Is the FTX Collapse the End for Cryptocurrencies?

Dale Gillham, Chief Analyst and Head Trainer of Wealth Within

By Dale Gillham |

The collapse of FTX last week, which was the second largest crypto exchange, has sent a stark warning to all about the risks in the cryptocurrency space. The collapse also brings to light how far this asset has to go in terms of shedding the label that cryptocurrencies are akin to the Wild West.

What lessons can we learn from the FTX collapse?

A lot has been written about the collapse of FTX and the highly speculative investments they made with client’s money that ultimately led to its downfall. Interestingly, a lot of high profile athletes and other well-known people were caught up in the debacle.

There were also companies that got caught in the collapse including Telstra Ventures and Sequoia Capital. Despite recognising the high risk nature of such investments, venture capital companies are often caught in a ‘damned if you do and damned if you don’t’ situation, as they appreciate the need to invest in growth areas without leaving their run too late.

While Bitcoin is down around 78 percent in the last 12 months, investors are continuing to hold on to the hope of a return to better days of rampant speculation. Unfortunately, the collapse of FTX has created a huge hole and further increased the uncertainty in this area. It has also raised the question again of whether cryptocurrencies are just one big Ponzi scheme that will leave investors very disappointed.

The lessons to be learnt are those that have been carved in stone for centuries. If you chase big wins, you will eventually have big losses, as history repeats itself. It is important for all investors to remember that you should only invest money in highly speculative markets that you can afford to lose.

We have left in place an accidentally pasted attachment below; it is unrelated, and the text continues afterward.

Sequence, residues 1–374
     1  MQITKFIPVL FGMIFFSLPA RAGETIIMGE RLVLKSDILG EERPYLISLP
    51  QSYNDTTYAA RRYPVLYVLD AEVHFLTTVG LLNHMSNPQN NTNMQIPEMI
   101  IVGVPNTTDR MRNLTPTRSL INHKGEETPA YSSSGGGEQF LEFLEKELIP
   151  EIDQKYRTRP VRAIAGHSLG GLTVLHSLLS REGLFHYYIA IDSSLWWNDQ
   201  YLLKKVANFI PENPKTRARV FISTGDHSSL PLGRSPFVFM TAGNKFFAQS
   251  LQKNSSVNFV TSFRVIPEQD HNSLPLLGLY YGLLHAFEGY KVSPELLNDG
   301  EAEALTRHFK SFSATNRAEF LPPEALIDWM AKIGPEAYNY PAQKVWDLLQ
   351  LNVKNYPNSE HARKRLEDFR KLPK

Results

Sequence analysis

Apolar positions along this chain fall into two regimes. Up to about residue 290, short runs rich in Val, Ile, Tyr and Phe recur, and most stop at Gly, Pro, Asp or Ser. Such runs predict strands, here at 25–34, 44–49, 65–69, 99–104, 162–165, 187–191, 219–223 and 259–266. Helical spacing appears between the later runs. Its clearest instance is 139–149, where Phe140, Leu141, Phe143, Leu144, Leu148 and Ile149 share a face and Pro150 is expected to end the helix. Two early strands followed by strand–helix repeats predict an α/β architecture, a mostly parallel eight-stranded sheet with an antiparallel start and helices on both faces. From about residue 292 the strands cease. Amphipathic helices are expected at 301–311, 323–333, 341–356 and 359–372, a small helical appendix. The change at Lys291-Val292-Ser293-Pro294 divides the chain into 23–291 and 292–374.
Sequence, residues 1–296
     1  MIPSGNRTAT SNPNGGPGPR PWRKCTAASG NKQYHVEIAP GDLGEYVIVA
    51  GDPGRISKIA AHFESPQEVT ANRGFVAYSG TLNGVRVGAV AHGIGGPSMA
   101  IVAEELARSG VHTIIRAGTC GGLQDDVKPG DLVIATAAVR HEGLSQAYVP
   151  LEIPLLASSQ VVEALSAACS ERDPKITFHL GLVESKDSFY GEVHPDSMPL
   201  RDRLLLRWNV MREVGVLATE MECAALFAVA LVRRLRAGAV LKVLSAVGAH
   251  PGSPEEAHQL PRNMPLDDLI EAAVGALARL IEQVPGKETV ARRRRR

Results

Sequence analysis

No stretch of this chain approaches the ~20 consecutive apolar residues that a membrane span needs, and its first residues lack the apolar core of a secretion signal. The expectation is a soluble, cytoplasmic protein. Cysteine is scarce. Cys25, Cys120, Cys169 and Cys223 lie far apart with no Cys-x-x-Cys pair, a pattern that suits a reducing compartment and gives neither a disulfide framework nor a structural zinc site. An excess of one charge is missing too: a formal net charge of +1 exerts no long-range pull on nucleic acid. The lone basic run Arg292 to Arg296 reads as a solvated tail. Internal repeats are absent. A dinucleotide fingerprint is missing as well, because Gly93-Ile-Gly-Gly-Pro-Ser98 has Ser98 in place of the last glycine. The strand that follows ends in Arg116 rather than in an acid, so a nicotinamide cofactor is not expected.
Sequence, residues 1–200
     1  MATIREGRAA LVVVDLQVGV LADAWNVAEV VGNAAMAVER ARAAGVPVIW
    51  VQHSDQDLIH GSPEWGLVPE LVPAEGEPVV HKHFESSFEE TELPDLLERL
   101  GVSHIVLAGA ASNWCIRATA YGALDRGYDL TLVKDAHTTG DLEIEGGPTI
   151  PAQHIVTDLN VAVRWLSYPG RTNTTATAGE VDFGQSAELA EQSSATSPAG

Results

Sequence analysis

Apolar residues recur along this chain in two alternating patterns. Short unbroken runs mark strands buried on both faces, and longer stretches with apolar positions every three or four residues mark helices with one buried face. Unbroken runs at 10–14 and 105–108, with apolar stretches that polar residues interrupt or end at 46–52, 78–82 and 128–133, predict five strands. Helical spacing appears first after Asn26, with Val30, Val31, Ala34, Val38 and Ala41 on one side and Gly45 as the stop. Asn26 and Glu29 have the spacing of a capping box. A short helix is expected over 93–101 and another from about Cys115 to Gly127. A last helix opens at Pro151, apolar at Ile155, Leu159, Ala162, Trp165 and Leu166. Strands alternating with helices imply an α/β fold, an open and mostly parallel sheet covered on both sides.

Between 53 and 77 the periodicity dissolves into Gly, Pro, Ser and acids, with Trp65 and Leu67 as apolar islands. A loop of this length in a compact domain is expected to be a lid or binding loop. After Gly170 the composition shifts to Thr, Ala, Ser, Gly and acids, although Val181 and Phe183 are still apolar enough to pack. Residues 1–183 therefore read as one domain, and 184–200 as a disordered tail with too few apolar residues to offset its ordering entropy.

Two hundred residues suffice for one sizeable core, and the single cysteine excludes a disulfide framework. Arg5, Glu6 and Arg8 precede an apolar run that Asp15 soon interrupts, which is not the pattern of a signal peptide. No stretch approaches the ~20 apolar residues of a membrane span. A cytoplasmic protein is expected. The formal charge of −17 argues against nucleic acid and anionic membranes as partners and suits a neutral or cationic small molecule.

What were the best and worst performing sectors last week?

The best performing sectors included Materials up 1.82 per cent followed by Information Technology up 1.21 per cent and Consumer Staples up 0.48 per cent. The worst performing sectors included Energy down 1.27 per cent followed by Consumer Discretionary down 1.24 per cent and Communication Services down 0.85 per cent.

The best performers in the S&P/ASX top 100 stocks included Fortescue Metals up 12.39 per cent followed by Illuka Resources up 7.07 per cent and Orora up 5 per cent. The worst performing stocks included Allkem down 13.47 per cent followed by Pilbara Minerals down 11.36 per cent and Lynas Rare Earths down 8.75.

What's next for the Australian stock market?

While at times the market has shown indecision, over the past six weeks the All Ordinaries Index has been bullish rising over 11 per cent. More importantly, last week it rose above its last major high of 7,386 points from 16 August.

While the All Ordinaries Index traded higher last week than the previous week, it wasn’t up strongly given that it only closed four points higher. The lack of strength last week may just signal a turning point for the Australian stock market, which means the short-term fall I have been expecting is likely to occur this week.

If the market does start to fall, it will only be short term and last for one or two weeks with strong support between 7,000 and 7,200 points likely to stop the fall. The sectors currently showing opportunities include Financials, Materials and Consumer Staples, which should all do well into 2023.

For now, good luck and good trading.

Dale Gillham is Chief Analyst at Wealth Within and international bestselling author of How to Beat the Managed Funds by 20%. He is also author of the bestselling and award winning book Accelerate Your Wealth—It’s Your Money, Your Choice, which is available in all good book stores and online.

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